JERUSALEM — During all the years he has worked as an assistant to the Franciscan Fathers at the Church of the Holy Sepulcher, Jeries Majlaton has never seen the streets of the Old City of Jerusalem so deserted.
Not even during the five-year Second Intifada, which began 20 years ago, was the emptiness of the streets so profound, said Majlaton, 42, who has worked with the Franciscans for 19 years. He said there were always some tourists visiting the city or pilgrims coming to pray at the holy sites, providing a bit of income to local businesses.
But for the past seven months, since the outbreak of the COVID-19 pandemic, Majlaton has been walking along emptied and shuttered streets on his way to work, where he is now the only one of six assistants still helping the Franciscans prepare for their Masses, processions and maintaining the Franciscan Chapel of St. Mary Magdalene.
“There is sadness,” he said. “I have never seen the city like this. Even during the Second Intifada there were not so many people here, but there were a few. It is very hard now. … I come through the Christian Quarter, and I don’t see any of the shops open. I don’t see any of the shop owners. I know everybody and now I don’t see any of them.”
The Mount of Olives, with its numerous holy sites — including the Carmelite Church of the Pater Noster, where tradition holds that Jesus taught the Lord’s Prayer to his disciples, and the Franciscan Church of Gethsemane, where Jesus prayed during his agony — also is empty of pilgrims. The Church of the Pater Noster is closed, but the gates of the Gethsemane garden and church doors are open if someone wants to come in briefly to pray. Only the guard sits in his office by the gate, and the Franciscans who generally greet visitors are inside their monastery.
The Israeli pandemic lockdown was partially lifted in May, but Israel went into a second lockdown Sept. 18 after a spike in the number of cases of COVID-19. The government restricted which businesses can open and how far people can travel.
Israel also has prohibited the entrance of tourists since March.
For shopkeepers and business owners in the Old City, the opening and closing has been of little relevance, because their main income base of tourists has not returned, and it is unclear how long it will be before the tourism sector is able to revive itself. Food stores and pharmacies are permitted to remain open, but with people able to move just over half a mile from their homes, customers are limited.
Outside the gates of the Old City, border police check for face masks and verify identity cards to make sure only people living within the half-mile limit come into the Old City.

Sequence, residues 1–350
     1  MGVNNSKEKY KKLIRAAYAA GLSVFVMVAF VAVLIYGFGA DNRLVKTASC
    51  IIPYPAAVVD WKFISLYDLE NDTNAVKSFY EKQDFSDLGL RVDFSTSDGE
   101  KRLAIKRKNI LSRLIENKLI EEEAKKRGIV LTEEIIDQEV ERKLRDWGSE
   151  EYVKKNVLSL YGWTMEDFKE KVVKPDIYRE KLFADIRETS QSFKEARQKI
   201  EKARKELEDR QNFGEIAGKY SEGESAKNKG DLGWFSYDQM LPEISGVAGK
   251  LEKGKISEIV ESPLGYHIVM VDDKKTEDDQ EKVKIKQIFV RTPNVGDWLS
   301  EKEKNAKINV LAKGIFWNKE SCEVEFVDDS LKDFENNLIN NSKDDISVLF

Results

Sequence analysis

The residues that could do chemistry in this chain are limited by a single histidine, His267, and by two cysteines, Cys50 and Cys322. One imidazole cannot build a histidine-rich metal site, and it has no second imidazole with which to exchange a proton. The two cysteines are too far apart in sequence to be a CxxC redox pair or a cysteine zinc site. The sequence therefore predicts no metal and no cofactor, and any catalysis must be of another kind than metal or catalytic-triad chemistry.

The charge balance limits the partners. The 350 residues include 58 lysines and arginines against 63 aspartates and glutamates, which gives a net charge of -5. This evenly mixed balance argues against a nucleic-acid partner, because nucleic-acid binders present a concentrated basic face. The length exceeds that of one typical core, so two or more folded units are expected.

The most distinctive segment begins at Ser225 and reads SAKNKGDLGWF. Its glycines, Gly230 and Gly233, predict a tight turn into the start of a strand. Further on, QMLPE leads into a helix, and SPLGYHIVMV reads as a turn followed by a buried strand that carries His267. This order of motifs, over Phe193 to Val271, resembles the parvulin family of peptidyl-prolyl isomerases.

Between the fifth and sixth stations on the Via Dolorosa, Husnei Kashur, 50, sits on a low stool in front of the open souvenir shop, where he has been working with his friend for the past six years. The threat of a $1,500 fine for having the store open does not faze him. His is the lone store open along the entire stretch and, except for a few locals walking to and from food stores, he is alone on the street.
“It is worse staying at home, so I come here to breathe some air. The owner of that hummus restaurant just down there sold all his equipment and closed down his restaurant,” Kashur said, gesturing with his chin to a shuttered shop a few yards away. “He managed to pay rent for a few months, but then he closed it. He didn’t have any customers.”
As Jerusalem residents, the Palestinian shopkeepers are eligible for some financial assistance from the Israeli government, but the digital registration can be confusing and, like many Jewish business owners, they say the help is not nearly enough.
Inside the silent Church of the Holy Sepulcher, Zarifis Zarifopulous, 53, sits atop some scaffolding, working on restoration of a 300-year-old Greek Orthodox icon of St. Gregory Palamas, bishop of his hometown of Thessaloniki, Greece. The saint preferred a monastic contemplative life of silence and prayer before he was called on to become bishop, explained Zarifopulous, so the artist said perhaps it is fitting to restore his icon in the quiet church.
“But I also love when there are people here. We also need to have people here, more pilgrims. It makes us more fresh, it brings soul-to-soul, person-to-person. It gives us a great personality to create,” said Zarifopulous, who began working on the icon at the beginning of the outbreak. “But iconography also needs these conditions, the quietness, the (calmness), especially for this art. I love all periods.”
By: Judith Sudilovsky